As part of RNZ's 2020 election coverage we're looking at some of the communities who are part of the country's changing face and identity. Dominic Godfrey visited Ōtepoti/Dunedin to have a talanoa (kōrero) with some of the 4000 Pacific Island who make up 3.2 percent of the city's population of 126,000.
In the south of the South Island, the burgeoning Pacific population says government funding and initiatives aren't keeping up with the needs of the growing and increasingly diverse community.
There's been a flourishing Pacific community in Dunedin for a long time now, with a dozen churches in the city serving different island congregations and sports commentators now fluent with the many Pasifika names in top tier teams.
But many in the community say the government could do more to help them thrive.
Jane Taafaki is studying for a PhD in public health at Otago University - but lives in Oamaru where her children can go to school with other Tuvalu kids.
"We definitely have socio-economic challenges, we have linguistic barriers, we have health problems, we have all sorts of things that are challenging and yet our communities continue to grow and to thrive."
Language and culture are important to Pacific identity, health and well-being, but Taafaki says the southern region is neglected when it comes to funding for Pacific health programmes.
"At a national level we see funding opportunities, programme opportunities are all North Island focussed. And even our District Health Boards down here, it's hard to extrapolate health data because they don't always collect it."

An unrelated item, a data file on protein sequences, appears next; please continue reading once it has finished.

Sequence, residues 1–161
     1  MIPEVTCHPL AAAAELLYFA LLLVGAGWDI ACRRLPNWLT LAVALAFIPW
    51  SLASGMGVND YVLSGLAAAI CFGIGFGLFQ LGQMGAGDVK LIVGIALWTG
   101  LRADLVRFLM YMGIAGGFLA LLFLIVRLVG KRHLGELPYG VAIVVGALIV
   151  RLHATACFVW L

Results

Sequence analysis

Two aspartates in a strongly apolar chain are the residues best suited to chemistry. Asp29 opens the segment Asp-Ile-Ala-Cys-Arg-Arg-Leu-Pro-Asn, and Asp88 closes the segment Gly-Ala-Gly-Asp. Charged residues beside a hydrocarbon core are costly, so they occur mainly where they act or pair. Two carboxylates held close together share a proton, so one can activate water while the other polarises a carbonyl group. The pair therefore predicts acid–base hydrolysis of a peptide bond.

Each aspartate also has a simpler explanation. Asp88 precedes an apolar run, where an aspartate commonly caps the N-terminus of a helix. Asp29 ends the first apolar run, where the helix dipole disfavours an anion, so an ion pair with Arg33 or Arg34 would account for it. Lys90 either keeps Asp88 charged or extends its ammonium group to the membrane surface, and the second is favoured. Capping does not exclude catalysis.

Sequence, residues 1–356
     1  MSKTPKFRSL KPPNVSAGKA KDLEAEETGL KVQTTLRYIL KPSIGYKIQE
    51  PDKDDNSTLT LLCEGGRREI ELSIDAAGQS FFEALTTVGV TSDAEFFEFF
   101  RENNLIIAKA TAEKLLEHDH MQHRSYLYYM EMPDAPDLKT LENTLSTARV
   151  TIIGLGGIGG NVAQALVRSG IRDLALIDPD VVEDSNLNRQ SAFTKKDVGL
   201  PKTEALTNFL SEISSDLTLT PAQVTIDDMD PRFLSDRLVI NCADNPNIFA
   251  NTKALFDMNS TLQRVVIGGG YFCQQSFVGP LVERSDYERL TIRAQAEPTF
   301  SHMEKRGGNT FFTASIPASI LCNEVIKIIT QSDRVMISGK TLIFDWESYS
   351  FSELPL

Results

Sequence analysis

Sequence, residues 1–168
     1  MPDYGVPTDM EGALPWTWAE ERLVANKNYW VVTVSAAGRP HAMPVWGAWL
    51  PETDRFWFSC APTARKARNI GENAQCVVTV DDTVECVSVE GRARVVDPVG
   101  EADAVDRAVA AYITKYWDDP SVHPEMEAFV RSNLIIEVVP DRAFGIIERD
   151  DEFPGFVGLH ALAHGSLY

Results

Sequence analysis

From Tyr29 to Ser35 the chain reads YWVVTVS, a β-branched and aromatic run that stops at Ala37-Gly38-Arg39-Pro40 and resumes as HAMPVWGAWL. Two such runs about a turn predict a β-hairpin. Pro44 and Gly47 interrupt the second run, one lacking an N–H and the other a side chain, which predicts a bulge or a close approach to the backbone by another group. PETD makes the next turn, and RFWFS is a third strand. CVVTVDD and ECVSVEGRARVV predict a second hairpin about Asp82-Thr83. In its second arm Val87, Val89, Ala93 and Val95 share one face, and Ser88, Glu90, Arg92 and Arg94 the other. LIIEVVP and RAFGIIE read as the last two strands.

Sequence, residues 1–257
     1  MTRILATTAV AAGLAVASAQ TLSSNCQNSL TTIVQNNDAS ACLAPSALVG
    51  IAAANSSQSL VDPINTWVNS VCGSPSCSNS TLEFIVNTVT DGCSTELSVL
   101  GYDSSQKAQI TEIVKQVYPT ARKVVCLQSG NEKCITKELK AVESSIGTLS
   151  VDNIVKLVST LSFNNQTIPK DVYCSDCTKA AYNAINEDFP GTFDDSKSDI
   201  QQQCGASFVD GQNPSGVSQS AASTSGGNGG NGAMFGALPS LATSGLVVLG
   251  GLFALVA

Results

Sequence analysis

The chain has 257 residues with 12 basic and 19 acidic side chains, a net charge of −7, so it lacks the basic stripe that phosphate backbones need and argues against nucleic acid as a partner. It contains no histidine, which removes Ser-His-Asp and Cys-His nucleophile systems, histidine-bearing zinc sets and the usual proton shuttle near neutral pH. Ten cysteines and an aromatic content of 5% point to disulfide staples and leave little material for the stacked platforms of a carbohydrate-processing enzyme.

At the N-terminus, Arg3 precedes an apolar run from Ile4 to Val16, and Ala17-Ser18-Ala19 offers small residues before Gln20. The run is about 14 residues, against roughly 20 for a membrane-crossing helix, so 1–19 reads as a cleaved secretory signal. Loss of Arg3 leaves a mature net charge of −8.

Taafaki says without that information, it's hard to get an accurate picture of the need that's out there amongst the Pacific community and push for more funding.
A community advocate in Ōtepoti/Dunedin, Melissa Lama, says there is a real lack of mental health services to cater for the city's 1200 Pasifika tertiary students.
"That's falling short on our students and then what's happening is our associations are having to compensate for that. And so we're having to self-resource our own ways and work smartly when we shouldn't have to because we're actually here to study, but that's the reality of it."
She wants the government to ensure there are culturally appropriate healthcare options.
In south Dunedin, the Pacific Trust Otago provides a range of health, education and social services.
During the Covid-19 lockdown, it also started up a food bank.
According to the trust's general manager, Finau Taungape'au, they have expertise and resources - but they're competing with other providers serving the same community for a limited amount of funding.
"At the moment we are submitting a collaborative application with the Division of Sciences at the University of Otago, and unfortunately we were unsuccessful with the Ministry of Health with mental health initiatives that we proposed."
However, the trust's Keni Moeroa says people are very grateful for the level of support they experienced during the Covid-19 lockdown.
She says there are many families who've lost jobs or had full-time work hours reduced who have been able to access welfare support.
"The next government needs to continue that kind of support for our Pacific families because even housing is an issue, a big issue in Dunedin because there are not many houses. Every time I go to Auckland I see all these new houses. I haven't seen any new houses in Dunedin."
With many families struggling day-to-day because of the fallout from Covid-19, Taafaki says they're not so engaged with the upcoming election.
She reckons there is a disconnect about what their votes can achieve at a national level.
"Back in the islands, voting is very much along island lines, clan lines, familial lines, church lines, and then when we come here we don't necessarily see our faces reflected in government."
The Pacific Otago Trust is working to lift engagement and ensure the community is enrolled to vote.
It's hosting an advance voting booth to help ensure older people and shift workers can have their say.